Tuesday, April 17, 2012

Standardized Testing: Confessions of a Terrible Teacher

If a social studies teacher
gets more students to read more,
does anyone in the forest 

hear the pages turning 
if it isn't on the standardized test?
I'VE SEEN TWO RECENT STORIES about standardized testing that, frankly, I found stunning. The first indicated that only 5% of teachers believed the dramatic increase in testing was improving U. S. education. The second report had the figure higher, at 7%.

I suspect your reaction might be similar to mine:   Who'd have thought it would be that high!

Then again, 12% of Americans still approve of the job Congress is doing. So you figure some people are just more forgiving.

Why is it, then, that teachers hate standardized testing? Is it a case of hiding their deficiencies? Or is it a concern for real learning?

Let me try a few examples and see if any of this makes sense. Start with the terrible attacks of 9-11. Imagine that those events occurred this morning. Should a social studies teacher (as I was) take time out in days ahead to discuss the tragedy?

In a standardized testing world the answer is obvious.

The answer is NO.

In fact, it would be a grave error in education today to focus on current events. Standardized tests cannot reflect current events. "Sorry, kids," a good teacher in 2012 would wisely say. "We're going to be discussing the Townshend Acts, instead."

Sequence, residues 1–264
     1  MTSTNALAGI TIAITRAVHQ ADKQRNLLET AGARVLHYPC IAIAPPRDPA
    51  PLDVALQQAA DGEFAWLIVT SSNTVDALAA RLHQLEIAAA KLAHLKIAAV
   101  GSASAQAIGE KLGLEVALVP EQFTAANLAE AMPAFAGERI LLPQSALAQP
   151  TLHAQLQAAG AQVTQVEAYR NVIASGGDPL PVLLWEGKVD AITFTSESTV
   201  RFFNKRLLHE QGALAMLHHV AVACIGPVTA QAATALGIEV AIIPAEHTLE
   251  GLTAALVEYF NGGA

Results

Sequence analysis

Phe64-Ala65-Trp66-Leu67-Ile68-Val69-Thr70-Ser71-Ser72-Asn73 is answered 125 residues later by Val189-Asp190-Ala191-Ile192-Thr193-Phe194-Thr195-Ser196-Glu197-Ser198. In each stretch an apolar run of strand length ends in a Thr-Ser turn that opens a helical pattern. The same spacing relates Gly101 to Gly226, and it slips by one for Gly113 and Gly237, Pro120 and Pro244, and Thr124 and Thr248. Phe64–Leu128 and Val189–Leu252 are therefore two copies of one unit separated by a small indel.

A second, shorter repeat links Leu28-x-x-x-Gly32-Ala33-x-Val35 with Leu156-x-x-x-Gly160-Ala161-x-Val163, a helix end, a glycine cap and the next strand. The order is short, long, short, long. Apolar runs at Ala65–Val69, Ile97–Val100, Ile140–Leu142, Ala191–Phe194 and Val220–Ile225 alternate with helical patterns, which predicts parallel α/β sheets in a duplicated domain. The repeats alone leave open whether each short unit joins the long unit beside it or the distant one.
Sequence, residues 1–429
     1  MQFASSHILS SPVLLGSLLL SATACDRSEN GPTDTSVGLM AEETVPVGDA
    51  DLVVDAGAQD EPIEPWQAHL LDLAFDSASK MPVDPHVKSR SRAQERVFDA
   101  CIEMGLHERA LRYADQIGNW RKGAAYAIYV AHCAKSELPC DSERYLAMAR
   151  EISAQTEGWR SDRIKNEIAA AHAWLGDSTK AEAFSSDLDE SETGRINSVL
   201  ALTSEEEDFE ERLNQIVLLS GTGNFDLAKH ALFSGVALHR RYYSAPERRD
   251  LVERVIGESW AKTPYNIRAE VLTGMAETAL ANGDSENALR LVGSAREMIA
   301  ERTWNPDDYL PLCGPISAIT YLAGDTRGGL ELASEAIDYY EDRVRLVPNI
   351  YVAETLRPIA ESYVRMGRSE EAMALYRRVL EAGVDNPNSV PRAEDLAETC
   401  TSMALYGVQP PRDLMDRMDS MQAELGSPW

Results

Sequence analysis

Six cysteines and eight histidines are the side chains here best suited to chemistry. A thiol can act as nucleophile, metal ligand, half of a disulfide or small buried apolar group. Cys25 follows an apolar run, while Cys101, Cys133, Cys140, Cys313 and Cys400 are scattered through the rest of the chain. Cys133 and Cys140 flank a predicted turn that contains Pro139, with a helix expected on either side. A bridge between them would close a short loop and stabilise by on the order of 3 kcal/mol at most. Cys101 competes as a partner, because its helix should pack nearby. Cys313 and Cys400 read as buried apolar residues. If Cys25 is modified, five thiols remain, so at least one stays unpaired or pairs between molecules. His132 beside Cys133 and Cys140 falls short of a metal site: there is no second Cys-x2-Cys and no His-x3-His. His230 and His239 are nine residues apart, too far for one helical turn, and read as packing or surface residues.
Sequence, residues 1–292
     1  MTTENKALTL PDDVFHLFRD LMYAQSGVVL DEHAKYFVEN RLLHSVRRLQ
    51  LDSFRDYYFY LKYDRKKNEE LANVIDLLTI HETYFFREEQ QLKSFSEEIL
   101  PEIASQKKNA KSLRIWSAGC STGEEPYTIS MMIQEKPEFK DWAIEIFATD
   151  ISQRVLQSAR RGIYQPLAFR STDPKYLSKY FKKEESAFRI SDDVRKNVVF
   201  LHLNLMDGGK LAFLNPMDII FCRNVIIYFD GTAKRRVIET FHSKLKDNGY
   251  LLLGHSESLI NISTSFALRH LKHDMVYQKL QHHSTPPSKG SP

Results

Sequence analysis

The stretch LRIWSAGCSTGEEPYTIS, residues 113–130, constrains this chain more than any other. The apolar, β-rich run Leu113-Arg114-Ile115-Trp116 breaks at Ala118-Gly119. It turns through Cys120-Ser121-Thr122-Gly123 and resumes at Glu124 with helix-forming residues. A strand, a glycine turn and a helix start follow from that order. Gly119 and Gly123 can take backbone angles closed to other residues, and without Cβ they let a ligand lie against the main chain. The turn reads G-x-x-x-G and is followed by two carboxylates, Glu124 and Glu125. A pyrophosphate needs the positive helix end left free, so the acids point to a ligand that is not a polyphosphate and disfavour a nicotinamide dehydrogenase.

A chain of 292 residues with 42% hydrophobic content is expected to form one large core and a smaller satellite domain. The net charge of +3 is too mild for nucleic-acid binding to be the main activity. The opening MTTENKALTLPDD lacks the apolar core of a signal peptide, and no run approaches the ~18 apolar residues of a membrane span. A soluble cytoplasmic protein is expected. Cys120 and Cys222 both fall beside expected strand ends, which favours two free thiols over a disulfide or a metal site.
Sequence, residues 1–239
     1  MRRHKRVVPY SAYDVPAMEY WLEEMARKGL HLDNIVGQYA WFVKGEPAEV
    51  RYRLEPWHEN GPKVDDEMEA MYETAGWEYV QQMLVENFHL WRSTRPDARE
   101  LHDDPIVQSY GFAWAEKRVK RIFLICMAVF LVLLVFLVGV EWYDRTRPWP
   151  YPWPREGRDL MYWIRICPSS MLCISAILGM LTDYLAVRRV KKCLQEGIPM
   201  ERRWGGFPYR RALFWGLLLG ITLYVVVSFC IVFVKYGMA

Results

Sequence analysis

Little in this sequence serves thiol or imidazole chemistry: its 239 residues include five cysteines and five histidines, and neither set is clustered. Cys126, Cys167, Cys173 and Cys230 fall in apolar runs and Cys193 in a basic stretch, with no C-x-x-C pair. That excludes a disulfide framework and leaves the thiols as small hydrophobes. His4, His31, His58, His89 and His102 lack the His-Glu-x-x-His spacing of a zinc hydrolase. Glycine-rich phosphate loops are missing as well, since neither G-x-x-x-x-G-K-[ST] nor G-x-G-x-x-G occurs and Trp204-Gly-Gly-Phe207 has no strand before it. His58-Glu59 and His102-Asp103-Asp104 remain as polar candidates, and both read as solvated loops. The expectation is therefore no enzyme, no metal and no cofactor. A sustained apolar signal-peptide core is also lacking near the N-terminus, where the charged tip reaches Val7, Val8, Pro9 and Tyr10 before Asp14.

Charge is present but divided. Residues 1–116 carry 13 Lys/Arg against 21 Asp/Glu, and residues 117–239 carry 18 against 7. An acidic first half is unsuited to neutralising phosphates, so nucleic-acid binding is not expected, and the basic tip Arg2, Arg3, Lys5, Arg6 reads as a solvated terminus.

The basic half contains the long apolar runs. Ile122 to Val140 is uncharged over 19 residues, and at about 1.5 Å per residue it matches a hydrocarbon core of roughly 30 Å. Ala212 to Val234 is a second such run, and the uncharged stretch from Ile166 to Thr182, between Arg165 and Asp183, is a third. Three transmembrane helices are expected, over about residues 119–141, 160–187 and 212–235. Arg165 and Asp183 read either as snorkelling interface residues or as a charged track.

(No joke, there:  That was in the standardized curriculum the State of Ohio designed and used for American history from 2004 to 2009.)

OR: TRY THIS. I REMEMBER KATY, in my World History class. Katy had Down Syndrome and to complete a project requirement I put in place for every student, she did a decoupage of the Mona Lisa. With the help of our very fine Learning Disabilities teacher, Katy got up in front of fourth period and answered basic questions about Leonardo da Vinci and her work. When she finished Katy looked proud and her class did something I had only seen once before. They gave Katy a standing ovation.

Standing ovations, though, don't prepare anyone for standardized testing.

I had failed again.

Let's go back again to consider 9-11. For weeks, following that tragedy, the New York Times ran brief biographies of every victim of the attacks. I read them, day after day, and almost always cried. One was about a woman who came from England to visit her brother. On that fateful day he asked her to come to see where he worked and they went up to the the restaurant, Windows on the World, at the top of the North Tower. They were there at 8:46 a.m. when the first plane struck. They were trapped there. And they died there together.

So, call me a crappy educator, because, I'll be honest, if 9-11 happened today, I'd still focus on current events. I'd still tell that story about the woman from England.

I'd still be a terrible teacher.

One final example and my shame shall be revealed and complete. I admit that in those September days, now a decade past, I had a young girl in class, Jenab, who was Muslim. I could see it every day that she was wondering, "What do my classmates think about me now?"